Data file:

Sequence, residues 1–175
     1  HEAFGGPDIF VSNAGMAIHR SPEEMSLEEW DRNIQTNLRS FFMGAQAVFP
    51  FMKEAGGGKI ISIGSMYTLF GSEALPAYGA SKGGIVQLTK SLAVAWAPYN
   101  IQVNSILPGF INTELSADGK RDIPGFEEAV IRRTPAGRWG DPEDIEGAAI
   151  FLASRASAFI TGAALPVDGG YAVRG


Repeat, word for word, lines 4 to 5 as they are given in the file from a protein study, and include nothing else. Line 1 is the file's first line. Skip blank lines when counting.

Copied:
   101  IQVNSILPGF INTELSADGK RDIPGFEEAV IRRTPAGRWG DPEDIEGAAI
   151  FLASRASAFI TGAALPVDGG YAVRG